Whistleblowing remains a hotly debated topic, mainly because these informants have the potential to cost a company significant financial and reputational loss. Now the SEC is looking to add more incentives for whistleblowers around the world to come forward and report corporate wrongdoing. Four years ago, when the agency’s Office of the Whistleblower opened its doors to the public, many companies did not know what to expect. Since then, however, the SEC has received nearly 10,200 tips, and it seems that number will only continue to rise.
In this e-Book, produced by Compliance Week in cooperation with The Network, we explore what companies should be doing to promote a speak-up culture among their employees, and how to deal with whistleblower complaints in this ever-changing legal environment.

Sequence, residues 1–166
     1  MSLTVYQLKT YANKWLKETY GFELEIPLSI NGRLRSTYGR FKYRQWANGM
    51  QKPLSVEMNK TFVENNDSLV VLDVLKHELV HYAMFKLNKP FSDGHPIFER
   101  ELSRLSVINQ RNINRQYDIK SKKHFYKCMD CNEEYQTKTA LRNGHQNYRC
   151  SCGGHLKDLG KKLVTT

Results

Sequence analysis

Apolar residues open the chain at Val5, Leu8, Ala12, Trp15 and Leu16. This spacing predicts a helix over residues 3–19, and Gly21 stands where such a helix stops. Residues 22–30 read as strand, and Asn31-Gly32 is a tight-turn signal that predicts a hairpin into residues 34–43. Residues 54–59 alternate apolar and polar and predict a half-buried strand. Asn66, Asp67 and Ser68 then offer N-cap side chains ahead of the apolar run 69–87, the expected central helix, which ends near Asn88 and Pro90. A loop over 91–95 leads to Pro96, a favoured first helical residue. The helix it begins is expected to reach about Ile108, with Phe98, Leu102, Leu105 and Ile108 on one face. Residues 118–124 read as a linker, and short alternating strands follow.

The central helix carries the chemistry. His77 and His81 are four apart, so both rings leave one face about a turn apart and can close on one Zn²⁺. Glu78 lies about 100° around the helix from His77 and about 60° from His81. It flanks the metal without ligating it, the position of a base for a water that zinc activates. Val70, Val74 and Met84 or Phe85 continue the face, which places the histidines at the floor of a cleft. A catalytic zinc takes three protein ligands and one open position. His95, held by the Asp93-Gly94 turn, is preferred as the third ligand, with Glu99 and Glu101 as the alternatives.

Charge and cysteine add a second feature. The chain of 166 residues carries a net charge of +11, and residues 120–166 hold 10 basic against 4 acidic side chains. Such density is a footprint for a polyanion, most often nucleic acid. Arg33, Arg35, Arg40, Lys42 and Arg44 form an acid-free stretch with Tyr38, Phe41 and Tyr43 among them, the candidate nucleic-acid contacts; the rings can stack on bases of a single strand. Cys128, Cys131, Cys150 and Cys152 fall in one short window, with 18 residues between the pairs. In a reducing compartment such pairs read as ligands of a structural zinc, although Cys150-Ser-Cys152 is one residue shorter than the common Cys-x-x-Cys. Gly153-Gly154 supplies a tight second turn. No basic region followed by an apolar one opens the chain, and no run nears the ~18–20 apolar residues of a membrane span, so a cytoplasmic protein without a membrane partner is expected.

This e-Book opens with the SEC’s guidance on whistleblowing and investigates why it is important for companies to invest in robust compliance programs. Following this, readers get a first-hand opportunity to review some critical whistleblowing protections that may expand within the next year. In the section, “knowledge leadership,” readers can learn more about the risks and motivations that trigger informants to go directly to the regulator instead of turning to the company’s compliance office. Finally, we look at how the SEC sweetens the deal for potential whistleblowers who provide credible information about potential violations.
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